There’s a lot of pressure on the month of January to magically produce new habits, commitments and even whole new selves. Whether or not they eventually come to fruition, what matters is starting the year by reflecting on things that matter to you. At least you can spend the first couple weeks of the year as a virtuous, kind, healthy and motivated person.
Personally, a lot of my own reflections revolve around food. Besides the enormous amount of time spent eating in our lives, food represents a meaningful focus point for thinking about personal habits, cultural phenomena, identities, rituals, attitudes and relationships — a few of which just so happen to be common subjects of many new year’s resolutions. So, for the food-obsessed and all-around well-intentioned alike, here’s a list of food year’s resolutions:
- Devote time to making and (especially) eating good food. No matter your diet, food preferences, budget or ingredients, the best thing you can do for your food is give it the time and attention it deserves to cook and eat. Put on your best Gordon Ramsay hat and get excited about different aspects of the cooking process. Watch a sauce slowly simmer and thicken; note the difference in the way ingredients look, taste and smell; discover new combinations of flavours and textures. Spend a couple hours sitting around a table with good company and enjoy the food, mood and drinks — at least before schoolwork starts up in earnest and you have to lock yourself in your homework dungeon with a packet of Soylent.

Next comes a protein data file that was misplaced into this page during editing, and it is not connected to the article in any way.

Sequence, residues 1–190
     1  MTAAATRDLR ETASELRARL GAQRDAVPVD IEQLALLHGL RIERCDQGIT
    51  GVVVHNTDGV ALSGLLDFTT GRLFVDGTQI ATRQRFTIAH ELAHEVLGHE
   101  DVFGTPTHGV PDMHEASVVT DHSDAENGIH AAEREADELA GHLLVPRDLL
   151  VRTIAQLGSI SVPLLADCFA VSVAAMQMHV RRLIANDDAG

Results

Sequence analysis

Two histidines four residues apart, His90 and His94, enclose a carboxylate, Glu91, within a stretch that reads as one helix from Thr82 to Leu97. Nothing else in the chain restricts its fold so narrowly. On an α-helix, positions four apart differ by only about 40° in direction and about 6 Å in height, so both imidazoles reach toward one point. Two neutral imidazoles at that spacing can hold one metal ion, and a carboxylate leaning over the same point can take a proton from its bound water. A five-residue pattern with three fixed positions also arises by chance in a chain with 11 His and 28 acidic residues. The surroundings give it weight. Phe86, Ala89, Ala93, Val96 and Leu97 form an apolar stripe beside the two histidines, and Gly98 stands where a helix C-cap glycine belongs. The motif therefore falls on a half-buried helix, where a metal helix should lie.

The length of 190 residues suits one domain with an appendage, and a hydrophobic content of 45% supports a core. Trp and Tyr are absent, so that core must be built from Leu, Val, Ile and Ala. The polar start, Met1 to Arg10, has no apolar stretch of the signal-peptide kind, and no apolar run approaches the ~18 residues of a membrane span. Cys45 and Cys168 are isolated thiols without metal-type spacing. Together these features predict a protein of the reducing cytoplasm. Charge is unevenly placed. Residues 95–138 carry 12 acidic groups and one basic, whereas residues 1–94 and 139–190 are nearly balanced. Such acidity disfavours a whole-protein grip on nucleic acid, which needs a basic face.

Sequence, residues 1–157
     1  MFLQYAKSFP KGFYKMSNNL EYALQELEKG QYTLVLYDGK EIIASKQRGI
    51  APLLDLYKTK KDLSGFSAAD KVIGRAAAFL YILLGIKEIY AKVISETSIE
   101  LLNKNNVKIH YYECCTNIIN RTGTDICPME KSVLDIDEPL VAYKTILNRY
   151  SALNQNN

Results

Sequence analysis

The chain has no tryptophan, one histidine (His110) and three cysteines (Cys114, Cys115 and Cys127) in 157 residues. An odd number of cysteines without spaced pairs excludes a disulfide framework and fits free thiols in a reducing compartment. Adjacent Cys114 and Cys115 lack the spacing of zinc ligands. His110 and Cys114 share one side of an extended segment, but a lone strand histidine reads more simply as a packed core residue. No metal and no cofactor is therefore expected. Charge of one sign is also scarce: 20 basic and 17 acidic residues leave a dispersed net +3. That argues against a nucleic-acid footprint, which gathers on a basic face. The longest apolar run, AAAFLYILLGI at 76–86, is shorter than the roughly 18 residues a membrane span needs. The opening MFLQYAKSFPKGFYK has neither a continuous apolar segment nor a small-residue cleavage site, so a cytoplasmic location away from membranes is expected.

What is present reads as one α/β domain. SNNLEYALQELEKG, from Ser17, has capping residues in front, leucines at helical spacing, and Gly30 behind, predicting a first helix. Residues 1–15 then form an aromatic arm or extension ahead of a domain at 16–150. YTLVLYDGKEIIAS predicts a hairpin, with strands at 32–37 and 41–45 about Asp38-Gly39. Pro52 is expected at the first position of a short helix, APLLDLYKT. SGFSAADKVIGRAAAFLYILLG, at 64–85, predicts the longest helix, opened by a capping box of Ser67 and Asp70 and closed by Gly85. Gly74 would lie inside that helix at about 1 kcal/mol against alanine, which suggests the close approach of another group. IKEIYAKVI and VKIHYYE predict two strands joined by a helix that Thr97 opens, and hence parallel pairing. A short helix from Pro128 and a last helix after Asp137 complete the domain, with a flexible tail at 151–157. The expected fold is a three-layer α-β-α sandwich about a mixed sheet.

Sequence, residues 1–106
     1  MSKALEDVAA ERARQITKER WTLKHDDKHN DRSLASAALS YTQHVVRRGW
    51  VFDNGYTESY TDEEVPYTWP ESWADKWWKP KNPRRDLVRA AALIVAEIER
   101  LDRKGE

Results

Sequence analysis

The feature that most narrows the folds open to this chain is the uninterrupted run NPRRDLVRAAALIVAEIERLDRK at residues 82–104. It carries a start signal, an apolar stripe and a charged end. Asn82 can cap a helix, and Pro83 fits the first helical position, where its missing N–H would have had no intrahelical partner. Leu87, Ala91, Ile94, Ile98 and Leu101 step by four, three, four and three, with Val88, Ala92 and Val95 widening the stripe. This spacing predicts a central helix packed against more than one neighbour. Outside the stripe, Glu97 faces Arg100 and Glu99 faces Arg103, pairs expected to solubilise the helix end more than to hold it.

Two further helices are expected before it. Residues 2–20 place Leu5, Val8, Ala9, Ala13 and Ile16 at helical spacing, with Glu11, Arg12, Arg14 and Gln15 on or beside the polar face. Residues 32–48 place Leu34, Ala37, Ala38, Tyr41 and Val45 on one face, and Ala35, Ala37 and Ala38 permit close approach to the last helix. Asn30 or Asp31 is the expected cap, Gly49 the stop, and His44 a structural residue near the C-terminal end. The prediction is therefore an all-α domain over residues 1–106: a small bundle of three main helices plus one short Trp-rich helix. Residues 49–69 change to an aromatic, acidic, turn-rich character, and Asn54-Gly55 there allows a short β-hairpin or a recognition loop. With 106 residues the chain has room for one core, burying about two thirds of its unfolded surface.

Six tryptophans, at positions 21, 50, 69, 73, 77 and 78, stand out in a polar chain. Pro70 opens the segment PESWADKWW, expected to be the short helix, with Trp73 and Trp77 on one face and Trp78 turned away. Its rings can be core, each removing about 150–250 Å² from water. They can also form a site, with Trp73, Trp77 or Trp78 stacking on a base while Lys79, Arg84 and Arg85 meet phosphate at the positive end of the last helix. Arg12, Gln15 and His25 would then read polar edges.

- Learn something new. For me, one of the most exciting things about food is the never-ending amount of research and knowledge that goes into it and its endless experiential and creative possibilities. So many people are thinking, writing and doing research about food that it seems a shame not to take advantage of it! For example, I learned that onion dicing trick last year and now I feel like I’m on Iron Chef every time I cook. Learning a new technique, recipe or fact will stoke both your curiosity and your confidence.
- Challenge yourself. It’s kind of funny sometimes when you think about the aversions you have to certain foods or certain techniques. I cook a lot, but am personally terrified of overcooking meat. Simple? Yes. Worthy of anxiety? Probably not. This is a good year to change that.
- Eat healthier. This is a perpetual resolution because humans are fallible and my cravings are better characterized as sugar poltergeists. But all is not for naught! These saccharine demons can and will be exorcised – after I finish my bag of five-cent gummies of course.